• Each reassessment must begin from Gate 1 and work its way up to this stage. Any stage past this point must be created as there is no more previous material available.
  • The gatekeeper that previously killed that project
  • The reason why the project was killed
  • The changes in variables that make the project a candidate for revival i.e. technological advancement, change customer needs, changed business strategy, improved financial benefit

Moving forward with the stage-gate model

Why should a firm bother going through all this trouble? More than the potential treasures to be found in previously rejected NPD projects, reviving previously rejected NPD projects reduces the sunk cost in their initial development. Though there is no information on revived NPD projects outperforming  newly created NPD projects and vice versa, revived projects are the most cost-effective way to develop as companies would not be starting from scratch whenever it comes to development and resources already expended in the project. A firm must overcome their innate resistance to be associated with failure as it is ultimately that mindset that can hold them back. 

To be able to effectively apply this framework in any company, it relies heavily on three things: identified gatekeepers, proper information management systems, and a change in mindset. 

Proper Information Management Systems. Mining rejected NPD projects for possible projects is easier said than done as, more often than not, companies do not document their failed NPD projects as the proponents of such do not want to be associated with the failure of the project.  The entire implementation of the checklist relies on the availability of this database and the lack of such prevents companies from the opportunities available here.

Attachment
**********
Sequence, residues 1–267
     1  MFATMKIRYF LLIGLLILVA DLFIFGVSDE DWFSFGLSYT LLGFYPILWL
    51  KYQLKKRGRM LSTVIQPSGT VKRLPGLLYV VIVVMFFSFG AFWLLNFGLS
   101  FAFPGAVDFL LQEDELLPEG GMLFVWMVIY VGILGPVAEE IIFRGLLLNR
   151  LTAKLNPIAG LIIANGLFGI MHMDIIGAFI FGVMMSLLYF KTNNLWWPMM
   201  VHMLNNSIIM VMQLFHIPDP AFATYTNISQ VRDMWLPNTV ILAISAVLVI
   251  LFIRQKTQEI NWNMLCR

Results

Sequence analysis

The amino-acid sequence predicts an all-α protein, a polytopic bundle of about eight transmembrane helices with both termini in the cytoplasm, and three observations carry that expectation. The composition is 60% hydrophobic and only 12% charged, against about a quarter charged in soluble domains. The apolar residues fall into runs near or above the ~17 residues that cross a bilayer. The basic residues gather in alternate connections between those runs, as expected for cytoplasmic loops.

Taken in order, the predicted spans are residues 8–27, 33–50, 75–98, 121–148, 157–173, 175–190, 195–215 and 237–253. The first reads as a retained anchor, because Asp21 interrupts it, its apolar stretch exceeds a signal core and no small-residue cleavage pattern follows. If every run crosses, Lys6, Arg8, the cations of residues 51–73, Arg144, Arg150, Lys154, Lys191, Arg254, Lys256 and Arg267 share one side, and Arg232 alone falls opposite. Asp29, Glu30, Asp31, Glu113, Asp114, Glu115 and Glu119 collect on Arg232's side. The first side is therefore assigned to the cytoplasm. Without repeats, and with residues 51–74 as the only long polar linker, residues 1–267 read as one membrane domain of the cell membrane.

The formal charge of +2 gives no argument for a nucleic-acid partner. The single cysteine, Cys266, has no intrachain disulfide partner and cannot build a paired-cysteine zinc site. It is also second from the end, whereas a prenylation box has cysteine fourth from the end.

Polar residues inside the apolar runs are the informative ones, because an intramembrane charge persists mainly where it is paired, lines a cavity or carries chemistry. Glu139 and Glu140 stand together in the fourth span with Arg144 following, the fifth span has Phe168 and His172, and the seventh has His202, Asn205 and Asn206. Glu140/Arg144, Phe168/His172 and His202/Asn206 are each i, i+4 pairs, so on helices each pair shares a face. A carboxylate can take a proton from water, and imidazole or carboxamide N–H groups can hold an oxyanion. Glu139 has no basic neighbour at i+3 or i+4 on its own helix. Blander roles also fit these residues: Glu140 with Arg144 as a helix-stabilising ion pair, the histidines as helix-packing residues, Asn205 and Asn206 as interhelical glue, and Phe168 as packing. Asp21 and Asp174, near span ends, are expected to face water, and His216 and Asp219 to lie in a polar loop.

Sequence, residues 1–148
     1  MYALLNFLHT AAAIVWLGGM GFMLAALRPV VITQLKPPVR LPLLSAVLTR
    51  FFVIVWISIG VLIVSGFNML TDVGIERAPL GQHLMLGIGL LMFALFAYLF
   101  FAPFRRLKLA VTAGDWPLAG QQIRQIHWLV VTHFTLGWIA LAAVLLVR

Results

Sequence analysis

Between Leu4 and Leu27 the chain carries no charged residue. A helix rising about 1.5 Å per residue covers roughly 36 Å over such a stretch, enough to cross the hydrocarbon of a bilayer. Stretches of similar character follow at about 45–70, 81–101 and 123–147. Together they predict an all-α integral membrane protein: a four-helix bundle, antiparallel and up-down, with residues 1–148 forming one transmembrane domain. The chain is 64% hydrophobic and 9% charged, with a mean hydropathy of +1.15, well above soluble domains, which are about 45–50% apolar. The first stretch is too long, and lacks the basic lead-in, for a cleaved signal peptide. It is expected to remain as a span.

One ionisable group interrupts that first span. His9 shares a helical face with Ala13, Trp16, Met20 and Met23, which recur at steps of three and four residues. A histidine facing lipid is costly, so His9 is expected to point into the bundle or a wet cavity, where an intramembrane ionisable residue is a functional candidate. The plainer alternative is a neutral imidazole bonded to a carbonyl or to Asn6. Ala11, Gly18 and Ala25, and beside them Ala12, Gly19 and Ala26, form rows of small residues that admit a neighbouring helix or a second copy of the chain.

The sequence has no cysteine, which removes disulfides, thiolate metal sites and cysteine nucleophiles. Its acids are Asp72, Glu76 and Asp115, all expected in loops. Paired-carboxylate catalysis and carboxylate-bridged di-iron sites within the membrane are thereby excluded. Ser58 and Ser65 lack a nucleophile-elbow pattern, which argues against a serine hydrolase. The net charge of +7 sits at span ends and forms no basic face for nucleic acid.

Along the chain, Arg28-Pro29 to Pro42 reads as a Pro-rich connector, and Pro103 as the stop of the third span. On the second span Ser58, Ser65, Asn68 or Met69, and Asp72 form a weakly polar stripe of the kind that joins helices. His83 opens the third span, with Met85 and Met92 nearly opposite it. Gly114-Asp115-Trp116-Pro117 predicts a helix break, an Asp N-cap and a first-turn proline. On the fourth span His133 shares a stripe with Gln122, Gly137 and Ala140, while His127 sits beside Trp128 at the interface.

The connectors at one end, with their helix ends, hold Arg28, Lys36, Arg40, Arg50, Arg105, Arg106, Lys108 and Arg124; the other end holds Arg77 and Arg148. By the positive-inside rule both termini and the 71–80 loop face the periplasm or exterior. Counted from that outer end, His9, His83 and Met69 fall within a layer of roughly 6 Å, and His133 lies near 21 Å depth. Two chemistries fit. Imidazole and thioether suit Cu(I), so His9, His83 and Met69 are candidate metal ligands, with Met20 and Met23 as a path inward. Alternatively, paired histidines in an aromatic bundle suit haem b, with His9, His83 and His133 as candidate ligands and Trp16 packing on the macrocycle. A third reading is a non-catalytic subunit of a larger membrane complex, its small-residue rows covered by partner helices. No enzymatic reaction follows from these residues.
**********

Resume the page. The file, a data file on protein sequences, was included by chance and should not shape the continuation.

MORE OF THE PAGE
Identified Gatekeepers. Companies need to identify who their company gatekeepers are when it comes to NPD projects. These must be informed individuals who can ultimately make smart resource allocations decisions that allow for optimized company spending. As mentioned previously, there is a growing amount of resources that are spent on NPD projects and they go along the development stages and it is the job of the gatekeepers to kill projects that do not align with what the company goals are at the moment.

A change in mindset. Dealing with failure is tricky as many see it as the end of the road. It is important to remember that there is always something to be gotten from innovation failure, may it be knowledge or revived NPD projects. Failure is something inevitable but it can serve as a catalyst for change that enables future success. 

With all these factors, companies can leverage on their failures to create better future outcomes that enable them to reassert themselves in an ever-changing and highly competitive landscape. Before being able to reap the benefits of failures, there are changes that must be made today – identified gatekeepers, proper information management systems, and a change in mindset when dealing with failure. It is important to recognize that failures are not ends in themselves, rather they are potential successes – potential treasures. 

Should you want an overview of everything discussed in this article click here for a short video lecture prepared by the Research and Development department.  

Should you want to learn more from the authors themselves about the methodology behind the study, implementation of the checklist, and managerial implications of the framework click here for a short video lecture.